Full-Screen Anti-Aliasing: Full-Screen Anti-Aliasing (FSAA, or simply AA), is a method of smoothing jagged lines on the screen. The higher the slider is taken here above the far left, the higher the sample rate of antialiasing used, and the smoother jagged lines will appear in the game. You can read more about FSAA and see examples in my Gamer's Graphics & Display Settings Guide. In NFS:MW moving the slider one notch to the right from the far left provides an instant reduction in the jaggedness of lines, however it also brings with it a major performance hit. Further moving the slider to the right doesn't noticeably improve image quality, but further reduces performance. I recommend that if you need the FPS, you set the slider to the far left (disable AA). If you really want to smooth out jagged lines, only move the slider one notch to the right, as any higher will severely drain performance for little or no visible image quality gain. Also make sure to set your Antialiasing settings in your graphics card's control panel to 'Application Preference' to minimize conflicts with this setting.
Texture Filtering: This setting affects the way textures (the 2D surfaces of all 3D objects) appear in the game. Once again refer to my Gamer's Graphics & Display Settings Guide for more details and graphical examples. This setting does not change the actual texture resolution or overall texture quality as such, it only implements texture filtering which affects the crispness of textures as they fade into the distance. For an animated screenshot comparison which demonstrates the impact of the various levels of the slider, click this link: Texture_Filtering.gif (432KB). Look closely at the cracks in the road in the far distance, the edges of the sidewalk and the white lines on the road - at higher settings they appear much sharper in the distance. However as you can see by the brick wall to the left, the actual texture quality remains the same throughout. The performance impact of Texture Filtering is not as dramatic as that of antialiasing, however at the Highest level it can reduce FPS noticeably on older/slower graphics cards. Once again, make sure to set your Anisotropic Filtering settings in your graphics card's control panel to 'Application Preference' to minimize conflicts with this setting.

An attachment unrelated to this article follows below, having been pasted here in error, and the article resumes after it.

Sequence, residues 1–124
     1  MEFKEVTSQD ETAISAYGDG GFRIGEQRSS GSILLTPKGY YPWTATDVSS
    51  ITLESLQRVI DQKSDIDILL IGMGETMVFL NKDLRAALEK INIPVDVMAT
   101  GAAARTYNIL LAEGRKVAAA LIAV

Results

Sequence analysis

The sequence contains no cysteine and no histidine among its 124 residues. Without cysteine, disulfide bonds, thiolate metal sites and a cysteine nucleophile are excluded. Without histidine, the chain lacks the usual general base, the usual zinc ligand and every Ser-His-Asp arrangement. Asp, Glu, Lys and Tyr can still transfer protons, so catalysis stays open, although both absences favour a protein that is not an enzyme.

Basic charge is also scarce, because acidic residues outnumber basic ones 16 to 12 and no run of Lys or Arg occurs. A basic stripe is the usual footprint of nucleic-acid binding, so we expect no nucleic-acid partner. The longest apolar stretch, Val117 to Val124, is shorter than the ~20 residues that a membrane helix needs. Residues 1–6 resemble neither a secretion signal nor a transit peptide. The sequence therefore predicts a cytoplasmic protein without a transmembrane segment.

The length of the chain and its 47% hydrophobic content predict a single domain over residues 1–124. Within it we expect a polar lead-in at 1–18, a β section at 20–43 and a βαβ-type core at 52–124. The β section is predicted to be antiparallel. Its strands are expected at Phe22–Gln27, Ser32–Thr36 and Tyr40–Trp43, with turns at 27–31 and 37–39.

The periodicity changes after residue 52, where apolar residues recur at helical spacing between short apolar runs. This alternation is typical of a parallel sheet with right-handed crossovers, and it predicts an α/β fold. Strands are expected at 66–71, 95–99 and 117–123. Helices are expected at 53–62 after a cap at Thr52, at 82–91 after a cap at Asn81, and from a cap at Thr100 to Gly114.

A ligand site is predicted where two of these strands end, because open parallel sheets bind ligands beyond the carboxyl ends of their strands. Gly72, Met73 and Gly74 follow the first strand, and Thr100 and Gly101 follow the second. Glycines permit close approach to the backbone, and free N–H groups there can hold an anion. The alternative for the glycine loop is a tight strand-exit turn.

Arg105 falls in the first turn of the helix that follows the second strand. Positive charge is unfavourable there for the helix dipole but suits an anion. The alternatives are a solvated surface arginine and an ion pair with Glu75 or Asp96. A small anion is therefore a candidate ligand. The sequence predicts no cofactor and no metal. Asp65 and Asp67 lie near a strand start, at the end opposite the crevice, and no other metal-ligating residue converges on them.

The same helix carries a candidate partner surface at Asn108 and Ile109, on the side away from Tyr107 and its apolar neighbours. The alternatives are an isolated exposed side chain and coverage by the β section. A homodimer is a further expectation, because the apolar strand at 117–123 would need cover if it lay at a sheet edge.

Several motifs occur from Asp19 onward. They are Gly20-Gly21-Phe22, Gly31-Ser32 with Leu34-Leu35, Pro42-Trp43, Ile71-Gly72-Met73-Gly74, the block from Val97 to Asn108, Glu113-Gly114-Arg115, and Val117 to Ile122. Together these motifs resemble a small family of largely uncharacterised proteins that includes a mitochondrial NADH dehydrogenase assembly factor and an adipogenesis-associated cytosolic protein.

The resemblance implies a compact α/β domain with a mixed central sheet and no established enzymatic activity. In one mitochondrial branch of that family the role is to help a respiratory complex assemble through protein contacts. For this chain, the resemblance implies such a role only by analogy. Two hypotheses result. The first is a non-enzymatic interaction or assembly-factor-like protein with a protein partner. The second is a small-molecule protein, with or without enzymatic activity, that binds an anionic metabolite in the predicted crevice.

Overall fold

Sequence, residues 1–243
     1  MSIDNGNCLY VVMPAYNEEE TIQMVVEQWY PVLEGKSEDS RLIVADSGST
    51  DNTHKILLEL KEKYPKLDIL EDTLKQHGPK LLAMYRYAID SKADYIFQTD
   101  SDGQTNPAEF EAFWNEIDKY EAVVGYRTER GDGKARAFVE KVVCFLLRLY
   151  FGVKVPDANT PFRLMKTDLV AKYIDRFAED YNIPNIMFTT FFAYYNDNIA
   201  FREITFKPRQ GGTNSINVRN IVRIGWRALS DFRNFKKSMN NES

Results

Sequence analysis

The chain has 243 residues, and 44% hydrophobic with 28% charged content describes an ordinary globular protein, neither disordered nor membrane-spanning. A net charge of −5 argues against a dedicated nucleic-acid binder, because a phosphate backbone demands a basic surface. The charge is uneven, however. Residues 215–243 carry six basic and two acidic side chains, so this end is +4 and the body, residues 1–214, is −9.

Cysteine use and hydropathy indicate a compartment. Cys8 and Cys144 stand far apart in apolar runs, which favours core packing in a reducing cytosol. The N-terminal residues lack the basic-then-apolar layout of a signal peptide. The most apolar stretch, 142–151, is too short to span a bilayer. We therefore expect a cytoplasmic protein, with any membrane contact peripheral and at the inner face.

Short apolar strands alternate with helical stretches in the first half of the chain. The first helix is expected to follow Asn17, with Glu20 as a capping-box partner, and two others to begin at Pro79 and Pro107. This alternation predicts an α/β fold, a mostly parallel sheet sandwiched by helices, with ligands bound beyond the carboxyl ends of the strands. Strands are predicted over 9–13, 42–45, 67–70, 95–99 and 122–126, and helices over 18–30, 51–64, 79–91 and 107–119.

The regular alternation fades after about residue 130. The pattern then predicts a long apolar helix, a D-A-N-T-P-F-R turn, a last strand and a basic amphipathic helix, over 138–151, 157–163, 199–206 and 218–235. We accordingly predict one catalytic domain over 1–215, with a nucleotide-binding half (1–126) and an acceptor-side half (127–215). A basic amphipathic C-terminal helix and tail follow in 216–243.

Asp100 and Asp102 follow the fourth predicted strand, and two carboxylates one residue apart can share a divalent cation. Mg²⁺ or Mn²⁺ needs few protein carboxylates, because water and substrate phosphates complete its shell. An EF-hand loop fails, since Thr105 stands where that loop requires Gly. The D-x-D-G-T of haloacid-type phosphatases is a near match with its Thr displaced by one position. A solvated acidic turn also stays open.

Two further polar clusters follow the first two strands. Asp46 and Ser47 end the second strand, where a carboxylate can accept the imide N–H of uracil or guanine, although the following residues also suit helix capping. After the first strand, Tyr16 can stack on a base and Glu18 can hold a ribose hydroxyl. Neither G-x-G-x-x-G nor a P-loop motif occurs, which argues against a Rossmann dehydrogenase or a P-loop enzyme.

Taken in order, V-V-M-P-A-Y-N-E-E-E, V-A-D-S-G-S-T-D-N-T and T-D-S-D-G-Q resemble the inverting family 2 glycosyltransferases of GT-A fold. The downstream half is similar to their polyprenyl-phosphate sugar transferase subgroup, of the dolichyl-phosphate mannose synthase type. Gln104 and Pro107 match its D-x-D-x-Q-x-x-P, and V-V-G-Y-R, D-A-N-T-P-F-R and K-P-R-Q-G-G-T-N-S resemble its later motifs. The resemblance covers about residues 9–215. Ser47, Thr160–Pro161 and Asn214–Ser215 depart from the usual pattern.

VSync: Vertical Synchronization (VSync) is the synchronization of your monitor and graphics card's abilities to draw a certain number of frames per second (or FPS) on the screen. This is referred to as the Refresh Rate, and is measured in frequency per second (Hz). If this option is enabled (i.e. set to Yes), your maximum FPS cannot exceed your current refresh rate at your chosen resolution, and more importantly your overall FPS will be reduced. For this reason it is strongly recommended that you set this option to No. The only down side is that if VSync is disabled, you may notice some image 'tearing' - that is the bottom and top halves of the screen may appear to tear apart slightly at times. This causes no damage to your monitor, but if it really annoys you enable VSync. Once again, I want you to understand that with VSync enabled, not only is your maximum FPS capped, but your average FPS will also fall. For example, with VSync disabled, if you get 37FPS in a particular section, with VSync enabled you will get 30, as VSync rounds down the FPS. Verify this for yourself using FRAPS and you'll see what I mean. Once again, refer to my Gamer's Graphics & Display Settings Guide for details.
World Level of Detail: This setting controls the level of detail in the surrounding objects in the game world, such as trees, mailboxes, poles, etc. The best way to see the impact of the various levels of this slider is for you to look at this animated screenshot comparison: World_Detail.gif (438KB). Look closely at the trees in the distance, and the sign to the right. As the level of detail rises, more trees are visible, and at one notch from the far right (High) almost everything is visible, but the sign only appears at the Highest setting (slider to the far right). The performance impact of this setting is most noticeable at the Highest level, so Medium or High would be a good choice for most people. The precise impact depends to some extent on your CPU power, and to a greater extent on your graphics card to draw all those additional details. The biggest impact of this setting will be felt when going through forest areas, and also when combined with the Shadow Detail setting. At High for example there will be lots of trees as well as lots of shadows, which will slow down most systems.